The topic of “sexiness” in games is one that comes up from time to time here on RPGFan and elsewhere, and given that it’s a big part of Criminal Girls: Invite Only, I feel obligated to start out by clarifying my position (haha) on the topic. Like any other creative medium, I feel that there’s room for a wide variety of subject matter in gaming, from Oregon Trail to Final Fantasy to Leisure Suit Larry to Call of Duty and beyond. I always romance someone in BioWare games, and I wouldn’t send angry emails to the developers if those scenes were more explicit than they are, but I’m distinctly uncomfortable with games like RapeLay. I wouldn’t go so far as to say that they shouldn’t exist, but like real rape (or real murder), that kind of game is something I don’t like to focus on. Still, since the “sexy” aspects of this game are supposed to be its main draw, I’m going to talk a lot more about them in this review than I normally would.
Criminal Girls: Invite Only is an updated version of a Japanese PSP game from a few years ago in which you play a random male who has been drafted (in his sleep) to lead a group of seven female prisoners from Hell through a series of trials. These trials are in place to grant prisoners the opportunity to overcome their sinful pasts and earn a chance at rebirth. The sins of these particular girls can basically be tied to one of the legendary Seven Deadly Sins, and while they were lifelong repeaters, they were more like bullies or pathological liars than murderers. That is, the rehabilitation program is designed to help people who just barely earned themselves a place in hell, so they can learn from their bad choices and do better a second time around. It’s actually a fairly solid premise.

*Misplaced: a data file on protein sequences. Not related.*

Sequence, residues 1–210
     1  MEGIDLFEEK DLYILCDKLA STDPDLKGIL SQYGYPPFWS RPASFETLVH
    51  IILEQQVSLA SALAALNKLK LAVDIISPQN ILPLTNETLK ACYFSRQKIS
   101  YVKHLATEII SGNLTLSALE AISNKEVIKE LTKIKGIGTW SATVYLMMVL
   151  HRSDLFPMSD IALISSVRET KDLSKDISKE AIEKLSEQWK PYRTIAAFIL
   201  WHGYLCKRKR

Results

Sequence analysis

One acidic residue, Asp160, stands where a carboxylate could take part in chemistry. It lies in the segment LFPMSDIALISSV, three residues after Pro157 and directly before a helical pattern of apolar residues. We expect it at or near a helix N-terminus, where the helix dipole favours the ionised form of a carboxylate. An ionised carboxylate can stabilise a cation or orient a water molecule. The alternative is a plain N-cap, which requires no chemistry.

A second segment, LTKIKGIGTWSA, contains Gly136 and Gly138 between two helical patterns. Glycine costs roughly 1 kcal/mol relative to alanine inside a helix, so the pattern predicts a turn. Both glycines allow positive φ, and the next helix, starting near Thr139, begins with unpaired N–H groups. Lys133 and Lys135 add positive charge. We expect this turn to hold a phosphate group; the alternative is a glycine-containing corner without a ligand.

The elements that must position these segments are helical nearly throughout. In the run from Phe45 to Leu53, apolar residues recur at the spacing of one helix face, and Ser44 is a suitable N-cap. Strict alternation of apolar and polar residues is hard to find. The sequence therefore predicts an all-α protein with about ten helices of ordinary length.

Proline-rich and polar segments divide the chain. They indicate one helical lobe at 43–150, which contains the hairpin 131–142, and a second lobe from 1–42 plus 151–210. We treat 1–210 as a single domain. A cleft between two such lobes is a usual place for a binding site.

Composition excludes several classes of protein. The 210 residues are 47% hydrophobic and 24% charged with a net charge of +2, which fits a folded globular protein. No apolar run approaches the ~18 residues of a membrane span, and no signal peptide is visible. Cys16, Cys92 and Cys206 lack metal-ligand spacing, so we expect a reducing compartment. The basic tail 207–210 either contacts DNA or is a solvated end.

The trials the prisoners must overcome are in two formats: combat against demon-like “convicts,” and “motivation” sessions led by your character. Combat earns XP for the entire group, and leveling up that way increases their stats. Motivation (formerly called “punishment”) sessions cost in-game currency (earned in battle and also found in treasure chests), and completing them successfully for a character unlocks new skills for her. These sessions are the famous “sexy” part of this game, and they are awful.